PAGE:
VICTORIA & ABDUL Director: Stephen Frears (Philomena, The Queen, Dangerous Liasions, High Fidelity), starring Judy Dench, Ali Fazal, Olivia Williams, Adeel Ahktar, Eddie Izzard, Simon Callow.
This film surprised and delighted me.
Having found favour with the local British commissioner for a carpet he had selected for the Royal Household, Abdul (Fazal) finds himself transported from India all the way to Windsor Castle to present the Empress herself, Queen Victoria (Dench), with a gift for her Jubilee celebraton.
A handsome, charismatic storyteller, Abdul catches the aged and jaded Empress’s eye and imagination and an unlikely friendship forms that shatters the old queen’s ennui and brings her back to life. There’s chemistry between Dench and Fazal – the source of great dissatisfaction to her alarmed and meddlesome entourage. They’re headed up by Victoria’s heir, Bertie, his outraged sense of entitlement well protrayed by Izzard.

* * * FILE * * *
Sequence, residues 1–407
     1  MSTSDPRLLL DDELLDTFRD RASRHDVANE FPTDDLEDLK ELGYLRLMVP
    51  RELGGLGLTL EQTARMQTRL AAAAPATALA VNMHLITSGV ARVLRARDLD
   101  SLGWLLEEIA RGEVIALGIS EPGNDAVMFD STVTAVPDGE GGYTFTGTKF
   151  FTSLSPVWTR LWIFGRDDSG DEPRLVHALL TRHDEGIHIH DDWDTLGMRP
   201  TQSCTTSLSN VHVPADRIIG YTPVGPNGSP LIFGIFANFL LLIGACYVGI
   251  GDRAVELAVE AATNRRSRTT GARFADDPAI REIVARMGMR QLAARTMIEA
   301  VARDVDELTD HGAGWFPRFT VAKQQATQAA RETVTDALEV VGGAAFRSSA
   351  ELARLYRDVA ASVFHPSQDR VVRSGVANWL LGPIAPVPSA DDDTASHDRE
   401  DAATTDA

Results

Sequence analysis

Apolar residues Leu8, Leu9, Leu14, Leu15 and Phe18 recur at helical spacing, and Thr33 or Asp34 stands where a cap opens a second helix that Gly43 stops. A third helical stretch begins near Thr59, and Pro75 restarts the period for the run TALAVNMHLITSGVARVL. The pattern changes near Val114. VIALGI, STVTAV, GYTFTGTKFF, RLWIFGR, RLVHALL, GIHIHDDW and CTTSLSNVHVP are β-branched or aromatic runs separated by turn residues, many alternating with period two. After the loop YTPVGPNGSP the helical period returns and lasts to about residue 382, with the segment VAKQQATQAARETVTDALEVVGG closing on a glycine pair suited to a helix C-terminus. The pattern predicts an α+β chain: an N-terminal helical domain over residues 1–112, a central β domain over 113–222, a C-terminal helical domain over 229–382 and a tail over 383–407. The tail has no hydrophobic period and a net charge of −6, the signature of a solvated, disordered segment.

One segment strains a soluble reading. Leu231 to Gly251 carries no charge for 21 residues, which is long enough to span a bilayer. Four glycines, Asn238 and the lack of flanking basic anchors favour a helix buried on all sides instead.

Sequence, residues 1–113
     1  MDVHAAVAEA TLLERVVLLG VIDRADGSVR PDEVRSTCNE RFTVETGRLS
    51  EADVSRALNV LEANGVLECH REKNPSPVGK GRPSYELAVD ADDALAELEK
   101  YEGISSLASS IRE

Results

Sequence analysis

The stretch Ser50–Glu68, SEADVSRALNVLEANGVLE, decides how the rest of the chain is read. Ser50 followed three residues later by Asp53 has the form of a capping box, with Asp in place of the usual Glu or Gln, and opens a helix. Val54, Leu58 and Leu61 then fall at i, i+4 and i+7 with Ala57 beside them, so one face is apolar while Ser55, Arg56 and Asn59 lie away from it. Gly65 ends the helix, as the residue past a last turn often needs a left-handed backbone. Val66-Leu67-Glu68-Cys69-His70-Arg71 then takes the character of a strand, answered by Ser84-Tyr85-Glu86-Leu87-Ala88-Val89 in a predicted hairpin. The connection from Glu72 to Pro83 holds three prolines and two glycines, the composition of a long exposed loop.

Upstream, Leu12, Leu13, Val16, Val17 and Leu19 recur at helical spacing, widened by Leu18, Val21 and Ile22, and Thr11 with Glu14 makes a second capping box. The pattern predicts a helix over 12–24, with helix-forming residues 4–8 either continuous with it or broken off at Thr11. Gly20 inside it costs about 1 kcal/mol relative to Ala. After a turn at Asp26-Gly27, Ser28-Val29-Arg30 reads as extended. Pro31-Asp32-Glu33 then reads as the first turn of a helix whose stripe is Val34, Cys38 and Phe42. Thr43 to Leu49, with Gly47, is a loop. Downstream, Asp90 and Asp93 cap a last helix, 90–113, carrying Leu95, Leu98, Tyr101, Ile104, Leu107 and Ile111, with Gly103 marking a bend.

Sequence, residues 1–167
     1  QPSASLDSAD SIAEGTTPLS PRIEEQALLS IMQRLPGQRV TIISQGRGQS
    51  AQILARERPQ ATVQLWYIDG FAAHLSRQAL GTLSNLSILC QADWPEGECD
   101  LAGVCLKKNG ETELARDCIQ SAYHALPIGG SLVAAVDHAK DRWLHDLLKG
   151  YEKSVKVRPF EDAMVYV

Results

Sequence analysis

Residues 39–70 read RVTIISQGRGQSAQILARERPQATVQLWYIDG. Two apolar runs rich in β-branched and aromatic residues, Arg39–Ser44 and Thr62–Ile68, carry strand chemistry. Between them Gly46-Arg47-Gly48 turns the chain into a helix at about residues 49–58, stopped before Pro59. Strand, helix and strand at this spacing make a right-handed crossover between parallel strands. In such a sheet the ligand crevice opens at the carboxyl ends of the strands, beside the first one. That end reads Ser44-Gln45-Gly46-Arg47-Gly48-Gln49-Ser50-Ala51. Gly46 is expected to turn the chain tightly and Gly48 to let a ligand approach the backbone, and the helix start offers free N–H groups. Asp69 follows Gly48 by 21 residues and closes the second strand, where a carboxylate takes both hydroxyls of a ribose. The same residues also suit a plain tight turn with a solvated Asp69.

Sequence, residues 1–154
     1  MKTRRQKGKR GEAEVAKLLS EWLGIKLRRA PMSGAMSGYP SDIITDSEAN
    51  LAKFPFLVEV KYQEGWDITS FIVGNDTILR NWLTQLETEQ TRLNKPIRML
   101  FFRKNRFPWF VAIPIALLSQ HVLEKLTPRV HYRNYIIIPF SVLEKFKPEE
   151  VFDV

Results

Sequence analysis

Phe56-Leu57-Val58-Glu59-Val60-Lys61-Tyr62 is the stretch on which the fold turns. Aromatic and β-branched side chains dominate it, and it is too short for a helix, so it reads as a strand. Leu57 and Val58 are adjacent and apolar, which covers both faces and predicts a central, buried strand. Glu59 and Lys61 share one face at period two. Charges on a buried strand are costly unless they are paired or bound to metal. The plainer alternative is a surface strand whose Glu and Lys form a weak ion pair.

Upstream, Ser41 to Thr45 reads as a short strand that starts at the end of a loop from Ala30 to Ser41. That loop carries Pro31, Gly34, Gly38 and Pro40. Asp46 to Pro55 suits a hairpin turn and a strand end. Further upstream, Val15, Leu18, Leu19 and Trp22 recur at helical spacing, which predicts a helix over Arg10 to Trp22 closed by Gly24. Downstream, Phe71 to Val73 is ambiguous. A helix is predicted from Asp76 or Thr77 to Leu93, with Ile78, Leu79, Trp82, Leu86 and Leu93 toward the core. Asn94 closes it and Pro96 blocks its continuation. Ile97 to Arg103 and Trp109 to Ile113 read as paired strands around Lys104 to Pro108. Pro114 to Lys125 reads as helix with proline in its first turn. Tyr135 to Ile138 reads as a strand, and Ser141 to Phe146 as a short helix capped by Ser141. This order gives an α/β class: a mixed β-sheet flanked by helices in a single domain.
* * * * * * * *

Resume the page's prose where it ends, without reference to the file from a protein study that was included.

Although this rather delightful film has a touch of the historical revisionism common to recent historical fictionalisations in cinema in its characterisation of one of Britain’s most legendary monarchs, Victoria & Abdul captures also some of the egregious racism of the 19th century, still very Euro-centric Empire. The array of characters in Victoria’s at turns sycophantic, subversive and openy rebellious entourage enrich an already fascinating tableau illustrating the period near the end of Victoria’s long life. Coupled to the gorgeous sets and costumes, this film is highly recommended to Curtin radio listeners.